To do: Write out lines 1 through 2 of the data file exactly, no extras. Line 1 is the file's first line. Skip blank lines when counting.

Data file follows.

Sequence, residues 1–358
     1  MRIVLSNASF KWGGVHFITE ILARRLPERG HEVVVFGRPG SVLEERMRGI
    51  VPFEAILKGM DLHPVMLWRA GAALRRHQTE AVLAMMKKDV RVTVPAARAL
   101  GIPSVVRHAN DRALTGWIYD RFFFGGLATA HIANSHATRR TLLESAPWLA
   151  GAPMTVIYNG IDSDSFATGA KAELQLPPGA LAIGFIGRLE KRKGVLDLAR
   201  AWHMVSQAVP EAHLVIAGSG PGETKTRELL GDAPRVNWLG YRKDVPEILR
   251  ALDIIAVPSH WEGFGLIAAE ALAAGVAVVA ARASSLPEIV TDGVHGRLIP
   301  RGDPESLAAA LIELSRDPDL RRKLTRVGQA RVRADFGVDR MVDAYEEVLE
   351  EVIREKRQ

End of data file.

Sequence, residues 1–358
     1  MRIVLSNASF KWGGVHFITE ILARRLPERG HEVVVFGRPG SVLEERMRGI